Biofuels at the U: From crops to your car

As politicians and environmentalists clamor for the development of new, alternative fuels, scientists and researchers across the country are working to develop and analyze new biofuels. Corn ethanol, the well-established biofuel, is a $6 billion industry for Minnesota, with 19 ethanol plants operating across the state. But corn ethanol is being challenged by new research questioning its actual benefits, and there are a host of other biofuels being researched and developed that could replace corn ethanol as the alternative fuel of the future. The University of Minnesota finds itself in a unique place because itâÄôs able to investigate so many different aspects. Institute on the Environment spokesman Todd Reubold said biofuels research falls into three general steps. âÄúOne is you have to grow something,âÄù Reubold said. âÄúThe next is you have to convert whatever you grow into a fuel. And then the third step is you probably better test that fuel before you put it into cars.âÄù Reubold said biofuels research has âÄúexplodedâÄù within the last 10 years âÄî and hundreds of University faculty, researchers and students are involved with those three steps. âÄúOur strength is the fact that we can do every step of the process to making and testing biofuels,âÄù Reubold said. âÄúWeâÄôre kind of looking at the whole picture.âÄù

In the ground

One way to improve the efficiency of biofuels is to improve the efficiency of the crops they are made from. Agronomy and plant genetics professor Ron Phillips and a team of researchers are working on breeding a new strain of corn that has six times the oil of regular corn. Phillips received a unique strand of high-oil corn from North Korea and began studying its genetic properties two years ago. Regular corn contains about 3.5 percent oil, but University researchers have identified genes that can increase the oil content to nearly 20 percent. Increased oil content means thereâÄôs more oil that can be extracted and converted into biodiesel. Workers are currently breeding new lines of high-oil corn to identify which strains have the highest oil content. Phillips said the research is promising and the high-oil corn has the potential to impact the commercial biofuels industry in the future. âÄúOne reason weâÄôre excited about it is there is high-oil corn on the market from other sources but itâÄôs about 7 percent oil,âÄù Phillips said. âÄúThe first generation hybrids weâÄôve produced have 12 percent oil.âÄù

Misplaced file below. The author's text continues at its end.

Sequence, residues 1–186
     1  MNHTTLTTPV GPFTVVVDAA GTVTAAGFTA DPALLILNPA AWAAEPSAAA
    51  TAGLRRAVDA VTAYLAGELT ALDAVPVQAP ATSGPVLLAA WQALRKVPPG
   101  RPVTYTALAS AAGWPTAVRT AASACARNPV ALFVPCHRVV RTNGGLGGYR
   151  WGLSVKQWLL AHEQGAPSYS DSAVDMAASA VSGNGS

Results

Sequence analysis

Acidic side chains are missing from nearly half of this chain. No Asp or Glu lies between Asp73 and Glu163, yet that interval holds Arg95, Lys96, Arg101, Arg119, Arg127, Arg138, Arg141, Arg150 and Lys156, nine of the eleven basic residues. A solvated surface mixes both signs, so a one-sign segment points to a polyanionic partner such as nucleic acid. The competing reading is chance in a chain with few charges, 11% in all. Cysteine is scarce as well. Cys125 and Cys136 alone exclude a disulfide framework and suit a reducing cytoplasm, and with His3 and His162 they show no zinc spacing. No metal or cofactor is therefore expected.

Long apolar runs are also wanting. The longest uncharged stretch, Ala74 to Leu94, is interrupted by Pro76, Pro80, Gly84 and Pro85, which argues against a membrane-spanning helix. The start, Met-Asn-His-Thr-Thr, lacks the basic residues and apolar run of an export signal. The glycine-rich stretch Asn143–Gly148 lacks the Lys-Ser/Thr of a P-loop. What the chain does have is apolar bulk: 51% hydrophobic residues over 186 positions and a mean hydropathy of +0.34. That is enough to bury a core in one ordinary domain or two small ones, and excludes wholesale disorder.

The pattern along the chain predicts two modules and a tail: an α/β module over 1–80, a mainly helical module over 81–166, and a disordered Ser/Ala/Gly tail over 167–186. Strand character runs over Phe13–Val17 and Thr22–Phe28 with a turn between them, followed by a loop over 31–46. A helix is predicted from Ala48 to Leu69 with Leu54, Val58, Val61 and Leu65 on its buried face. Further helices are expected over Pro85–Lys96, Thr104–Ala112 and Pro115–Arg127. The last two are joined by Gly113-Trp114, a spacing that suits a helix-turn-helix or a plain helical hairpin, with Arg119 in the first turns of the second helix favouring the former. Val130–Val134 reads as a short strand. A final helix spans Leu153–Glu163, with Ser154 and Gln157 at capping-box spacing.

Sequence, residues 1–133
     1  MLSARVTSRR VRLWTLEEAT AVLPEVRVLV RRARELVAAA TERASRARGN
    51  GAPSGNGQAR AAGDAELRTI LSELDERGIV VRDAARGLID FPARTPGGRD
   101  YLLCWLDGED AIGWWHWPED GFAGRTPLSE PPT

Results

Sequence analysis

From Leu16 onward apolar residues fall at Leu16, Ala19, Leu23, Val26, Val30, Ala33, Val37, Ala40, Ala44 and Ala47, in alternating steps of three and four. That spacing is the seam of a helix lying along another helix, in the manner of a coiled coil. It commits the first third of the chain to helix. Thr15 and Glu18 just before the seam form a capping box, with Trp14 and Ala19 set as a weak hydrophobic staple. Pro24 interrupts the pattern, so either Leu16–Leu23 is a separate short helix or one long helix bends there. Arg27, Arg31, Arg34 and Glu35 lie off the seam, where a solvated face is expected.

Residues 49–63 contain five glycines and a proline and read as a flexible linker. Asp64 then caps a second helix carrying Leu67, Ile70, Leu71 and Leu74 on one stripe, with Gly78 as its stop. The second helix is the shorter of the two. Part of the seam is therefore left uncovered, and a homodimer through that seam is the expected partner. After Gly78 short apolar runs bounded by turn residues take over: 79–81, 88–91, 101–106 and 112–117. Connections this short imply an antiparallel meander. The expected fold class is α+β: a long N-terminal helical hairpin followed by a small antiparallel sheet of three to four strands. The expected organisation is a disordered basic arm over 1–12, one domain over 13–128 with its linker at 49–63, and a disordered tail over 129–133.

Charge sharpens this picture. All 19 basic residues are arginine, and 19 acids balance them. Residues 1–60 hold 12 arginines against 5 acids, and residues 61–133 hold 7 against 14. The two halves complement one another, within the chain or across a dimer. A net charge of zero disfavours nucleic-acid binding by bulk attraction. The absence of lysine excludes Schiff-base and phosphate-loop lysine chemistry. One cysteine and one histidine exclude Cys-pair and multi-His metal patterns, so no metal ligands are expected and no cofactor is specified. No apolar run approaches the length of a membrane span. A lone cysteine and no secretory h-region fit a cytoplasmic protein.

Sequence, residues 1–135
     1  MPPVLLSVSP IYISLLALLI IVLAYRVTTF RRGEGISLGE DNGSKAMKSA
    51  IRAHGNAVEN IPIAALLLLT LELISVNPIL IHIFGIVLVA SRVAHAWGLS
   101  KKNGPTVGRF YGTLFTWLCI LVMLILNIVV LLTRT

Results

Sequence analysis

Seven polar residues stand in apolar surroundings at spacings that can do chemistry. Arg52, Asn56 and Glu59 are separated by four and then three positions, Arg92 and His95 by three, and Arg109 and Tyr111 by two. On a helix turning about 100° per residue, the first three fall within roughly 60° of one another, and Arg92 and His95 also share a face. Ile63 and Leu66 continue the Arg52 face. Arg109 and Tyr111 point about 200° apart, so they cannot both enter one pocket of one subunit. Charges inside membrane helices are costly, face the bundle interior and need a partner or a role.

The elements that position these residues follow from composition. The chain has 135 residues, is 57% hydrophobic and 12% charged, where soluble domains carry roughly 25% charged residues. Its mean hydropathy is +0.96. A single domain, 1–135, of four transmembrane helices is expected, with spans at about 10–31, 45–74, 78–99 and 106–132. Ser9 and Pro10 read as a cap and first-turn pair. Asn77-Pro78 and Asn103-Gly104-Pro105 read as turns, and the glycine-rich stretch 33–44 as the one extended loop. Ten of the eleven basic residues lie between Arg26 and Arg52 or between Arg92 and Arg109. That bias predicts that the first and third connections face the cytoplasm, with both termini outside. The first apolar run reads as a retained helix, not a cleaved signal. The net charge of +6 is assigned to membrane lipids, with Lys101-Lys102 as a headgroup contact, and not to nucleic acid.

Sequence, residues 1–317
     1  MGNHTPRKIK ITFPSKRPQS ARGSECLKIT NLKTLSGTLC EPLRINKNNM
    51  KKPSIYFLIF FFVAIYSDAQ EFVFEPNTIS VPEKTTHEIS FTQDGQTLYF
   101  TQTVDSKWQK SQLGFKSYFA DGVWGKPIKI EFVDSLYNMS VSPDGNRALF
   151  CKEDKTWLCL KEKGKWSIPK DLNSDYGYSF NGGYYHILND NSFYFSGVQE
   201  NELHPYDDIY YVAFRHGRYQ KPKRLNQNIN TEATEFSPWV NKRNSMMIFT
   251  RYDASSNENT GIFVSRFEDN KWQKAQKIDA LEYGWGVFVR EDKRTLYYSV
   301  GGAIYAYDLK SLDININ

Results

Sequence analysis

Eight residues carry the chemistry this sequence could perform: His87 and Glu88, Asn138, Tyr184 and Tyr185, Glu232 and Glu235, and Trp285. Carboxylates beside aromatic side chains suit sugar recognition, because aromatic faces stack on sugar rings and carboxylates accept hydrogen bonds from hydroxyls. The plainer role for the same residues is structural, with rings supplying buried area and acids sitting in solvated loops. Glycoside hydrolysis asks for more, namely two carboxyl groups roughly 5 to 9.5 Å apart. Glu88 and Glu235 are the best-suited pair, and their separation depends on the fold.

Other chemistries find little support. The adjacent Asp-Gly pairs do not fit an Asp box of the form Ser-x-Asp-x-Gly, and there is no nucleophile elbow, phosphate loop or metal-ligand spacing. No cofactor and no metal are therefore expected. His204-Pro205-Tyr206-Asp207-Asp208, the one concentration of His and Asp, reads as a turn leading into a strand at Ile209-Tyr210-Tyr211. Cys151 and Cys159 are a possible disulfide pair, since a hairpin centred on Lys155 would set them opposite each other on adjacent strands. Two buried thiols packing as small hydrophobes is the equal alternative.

Not Just Corn

As the next generation of biofuels is developed, University researchers arenâÄôt just looking to corn as a source of alternative fuels. Shri Ramaswamy, a bioproducts and biosystems engineer, said researchers in his department are investigating candidates from other plant residues âÄî leftover plant materials like corn stalks and prairie grass that wouldnâÄôt typically be processed for anything. âÄúCorn ethanol is a good first step in the right direction,âÄù he said. âÄúThere a lot of production and environmental issues that need to be addressed but the next stages are residues and other plants that already grow in Minnesota.âÄù Other University researchers are converting materials like algae and swine manure into biofuels. âÄúWe are converting all kinds of stuff,âÄù Ramaswamy said.

Examining the total cost